First things first: say goodbye to our 1999 1st round draft pick. Christianson has signed a minor league contract with Tampa Bay after spending the better part of seven seasons in the Mariners organization. Although he'll only be 25 next season, Christianson has never put everything together, posting a career batting line of .254/.327/.410 during what has thusfar been an injury-plagued career. He's been a disappointment, to say the least, and you'd like to see him get a cup of coffee, but now that he's gone I have no problem with saying that he comes off as kind of a dick, and Tampa Bay is an appropriate place for him and his attitude.
Moving on: Scott Hatteberg. Only, not so much.
Although I'm glad that the team isn't in serious negotiations with Scott Hatteberg, it's more than a little aggravating to know that they've looked in his direction without giving so much as a passing glance to Russ Branyan. I guess the fact that Branyan is younger, better, and almost certainly cheaper doesn't really appeal to a front office that gave Carl Everett $4m, but a man can dream.
The thing that really gets to me, though, is this:
Looking at trades? Fine. Looking at making the pitching staff better? Fine. But the bench? The way I understood it before, talks with Hatteberg had died down because there was no longer a need for his kind of player, what with Matt Lawton hanging around as the top lefty bench bat. It seems I was wrong. The bench currently looks like this:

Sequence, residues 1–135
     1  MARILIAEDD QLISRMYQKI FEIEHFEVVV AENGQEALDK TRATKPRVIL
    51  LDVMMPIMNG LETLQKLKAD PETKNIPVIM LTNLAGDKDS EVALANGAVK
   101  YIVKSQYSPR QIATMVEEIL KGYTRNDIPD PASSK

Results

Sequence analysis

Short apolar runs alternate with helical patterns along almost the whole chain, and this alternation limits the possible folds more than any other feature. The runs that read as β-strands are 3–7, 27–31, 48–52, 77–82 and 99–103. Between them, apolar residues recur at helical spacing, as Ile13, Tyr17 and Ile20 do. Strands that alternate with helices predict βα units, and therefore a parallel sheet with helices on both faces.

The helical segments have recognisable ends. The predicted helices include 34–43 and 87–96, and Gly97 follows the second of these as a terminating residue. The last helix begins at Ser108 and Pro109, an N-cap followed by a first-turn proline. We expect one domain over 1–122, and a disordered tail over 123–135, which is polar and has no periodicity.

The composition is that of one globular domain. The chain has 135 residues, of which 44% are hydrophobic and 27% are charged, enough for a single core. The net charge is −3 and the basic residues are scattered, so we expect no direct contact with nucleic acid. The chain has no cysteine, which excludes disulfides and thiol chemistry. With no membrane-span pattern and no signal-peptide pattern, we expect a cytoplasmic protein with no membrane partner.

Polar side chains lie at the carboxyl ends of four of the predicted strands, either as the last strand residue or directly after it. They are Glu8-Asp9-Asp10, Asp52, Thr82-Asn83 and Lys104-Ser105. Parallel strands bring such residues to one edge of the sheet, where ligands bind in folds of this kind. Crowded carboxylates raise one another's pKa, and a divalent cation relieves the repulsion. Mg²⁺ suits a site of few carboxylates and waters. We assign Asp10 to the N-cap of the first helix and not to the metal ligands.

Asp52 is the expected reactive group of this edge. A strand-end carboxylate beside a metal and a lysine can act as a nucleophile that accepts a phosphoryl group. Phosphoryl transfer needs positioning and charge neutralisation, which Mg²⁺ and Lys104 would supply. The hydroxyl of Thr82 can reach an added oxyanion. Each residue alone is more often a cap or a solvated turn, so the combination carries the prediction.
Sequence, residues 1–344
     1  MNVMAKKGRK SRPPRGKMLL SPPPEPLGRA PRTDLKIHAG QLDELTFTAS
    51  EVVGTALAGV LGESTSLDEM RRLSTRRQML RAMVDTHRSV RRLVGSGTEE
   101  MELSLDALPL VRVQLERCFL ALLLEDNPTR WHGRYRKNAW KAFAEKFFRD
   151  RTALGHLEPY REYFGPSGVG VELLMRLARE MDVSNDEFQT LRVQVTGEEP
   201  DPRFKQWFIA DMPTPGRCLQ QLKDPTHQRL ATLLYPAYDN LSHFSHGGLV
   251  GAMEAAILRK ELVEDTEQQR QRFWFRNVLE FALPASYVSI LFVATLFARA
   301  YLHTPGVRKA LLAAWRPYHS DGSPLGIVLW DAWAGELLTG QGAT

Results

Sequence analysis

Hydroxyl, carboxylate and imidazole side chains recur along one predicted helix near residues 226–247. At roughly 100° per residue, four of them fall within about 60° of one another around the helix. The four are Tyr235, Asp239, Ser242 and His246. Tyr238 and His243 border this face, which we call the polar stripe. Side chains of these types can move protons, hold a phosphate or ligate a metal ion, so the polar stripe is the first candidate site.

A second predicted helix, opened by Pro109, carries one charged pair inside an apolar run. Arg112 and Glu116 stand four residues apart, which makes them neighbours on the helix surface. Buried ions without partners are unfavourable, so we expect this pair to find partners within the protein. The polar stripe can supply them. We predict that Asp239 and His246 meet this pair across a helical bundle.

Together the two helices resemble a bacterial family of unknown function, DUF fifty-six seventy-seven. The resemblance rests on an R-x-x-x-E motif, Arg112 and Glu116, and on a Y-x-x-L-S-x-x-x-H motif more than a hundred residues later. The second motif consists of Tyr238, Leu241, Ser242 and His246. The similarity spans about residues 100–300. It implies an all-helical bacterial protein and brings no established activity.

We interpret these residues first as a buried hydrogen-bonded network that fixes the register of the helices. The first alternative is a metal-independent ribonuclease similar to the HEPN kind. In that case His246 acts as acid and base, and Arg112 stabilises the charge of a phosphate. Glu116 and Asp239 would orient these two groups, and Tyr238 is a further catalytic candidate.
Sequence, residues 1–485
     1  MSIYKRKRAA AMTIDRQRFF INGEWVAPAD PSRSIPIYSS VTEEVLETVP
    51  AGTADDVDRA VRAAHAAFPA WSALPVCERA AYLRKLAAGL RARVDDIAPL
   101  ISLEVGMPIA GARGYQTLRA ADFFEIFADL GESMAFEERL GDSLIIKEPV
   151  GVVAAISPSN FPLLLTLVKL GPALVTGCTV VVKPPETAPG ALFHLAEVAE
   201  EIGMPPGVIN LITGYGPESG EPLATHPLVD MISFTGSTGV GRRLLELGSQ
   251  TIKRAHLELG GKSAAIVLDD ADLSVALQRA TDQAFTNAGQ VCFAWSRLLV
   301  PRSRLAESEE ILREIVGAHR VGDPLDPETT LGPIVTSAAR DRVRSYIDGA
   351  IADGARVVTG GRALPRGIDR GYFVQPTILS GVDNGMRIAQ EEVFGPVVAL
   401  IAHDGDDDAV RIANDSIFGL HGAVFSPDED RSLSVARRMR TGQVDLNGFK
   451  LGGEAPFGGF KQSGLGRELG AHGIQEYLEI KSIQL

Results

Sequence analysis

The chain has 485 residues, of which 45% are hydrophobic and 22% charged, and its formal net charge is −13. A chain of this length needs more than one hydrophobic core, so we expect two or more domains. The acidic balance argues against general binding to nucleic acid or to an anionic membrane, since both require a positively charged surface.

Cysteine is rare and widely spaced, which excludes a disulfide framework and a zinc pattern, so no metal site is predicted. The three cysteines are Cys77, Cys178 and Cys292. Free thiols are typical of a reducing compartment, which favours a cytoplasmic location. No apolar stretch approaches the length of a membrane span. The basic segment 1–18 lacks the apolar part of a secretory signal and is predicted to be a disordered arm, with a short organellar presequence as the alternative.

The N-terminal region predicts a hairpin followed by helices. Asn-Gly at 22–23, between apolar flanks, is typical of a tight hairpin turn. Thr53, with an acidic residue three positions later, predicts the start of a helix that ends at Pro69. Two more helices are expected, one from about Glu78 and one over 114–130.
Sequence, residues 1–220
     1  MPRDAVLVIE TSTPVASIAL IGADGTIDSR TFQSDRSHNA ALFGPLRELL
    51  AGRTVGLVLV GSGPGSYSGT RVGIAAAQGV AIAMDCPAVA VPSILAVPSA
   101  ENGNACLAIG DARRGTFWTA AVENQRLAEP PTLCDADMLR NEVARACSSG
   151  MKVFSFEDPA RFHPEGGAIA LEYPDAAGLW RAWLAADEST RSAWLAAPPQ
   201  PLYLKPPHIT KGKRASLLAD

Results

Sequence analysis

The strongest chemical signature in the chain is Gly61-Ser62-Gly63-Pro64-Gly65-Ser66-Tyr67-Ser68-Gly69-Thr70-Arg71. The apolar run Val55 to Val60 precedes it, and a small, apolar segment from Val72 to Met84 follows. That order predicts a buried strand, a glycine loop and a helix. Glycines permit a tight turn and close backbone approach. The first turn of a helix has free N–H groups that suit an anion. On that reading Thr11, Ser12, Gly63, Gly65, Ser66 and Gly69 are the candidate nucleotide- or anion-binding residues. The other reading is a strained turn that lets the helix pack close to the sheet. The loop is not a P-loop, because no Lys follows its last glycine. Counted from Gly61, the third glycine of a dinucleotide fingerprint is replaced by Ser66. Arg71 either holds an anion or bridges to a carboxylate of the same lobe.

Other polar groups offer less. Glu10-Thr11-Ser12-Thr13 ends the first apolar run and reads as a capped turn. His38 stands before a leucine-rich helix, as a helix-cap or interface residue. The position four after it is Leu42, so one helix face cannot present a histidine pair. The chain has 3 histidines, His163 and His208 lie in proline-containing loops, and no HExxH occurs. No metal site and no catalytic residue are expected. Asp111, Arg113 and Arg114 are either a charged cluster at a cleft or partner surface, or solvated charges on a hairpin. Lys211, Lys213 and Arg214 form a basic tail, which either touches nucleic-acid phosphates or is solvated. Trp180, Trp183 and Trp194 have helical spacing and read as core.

Backup catcher: Rene Rivera
Utility infielder: Willie Ballgame
Utility outfielder: Matt Lawton
Extra corner IF/OF: Mike Morse?
With a four-man bench, the only competition will come in that last slot, where the Mariners may want to insert a veteran (Hatteberg) so that Morse can slide back to AAA. With Carl Everett now acting as the team's emergency fifth outfielder, instead of Willie, the team has a little more flexibility, in that whoever occupies Morse's slot doesn't need to have middle infield experience. That already makes Branyan look both desirable and entirely plausible. Should they go with a five-man bench, though, then there's room for pretty much any additional bat that they want, since he wouldn't really have to play defense at all. Look at that, room for Branyan.
I guess the problem is that, even if there's room for Branyan on the bench, having Everett around blocks him from getting consistent playing time, and his track record when he gets inconsistent at bats is less than impressive. And that's understandable, if not a little disappointing, since an easy solution would be to eat Everett's contract and release him right now to make space for a better player. But in the end, we're talking about a guy who wouldn't get more than 150-200 at bats off the bench, and as cool as it would be to have him around, the difference he'd make isn't big enough to keep hammering the point home. So I digress.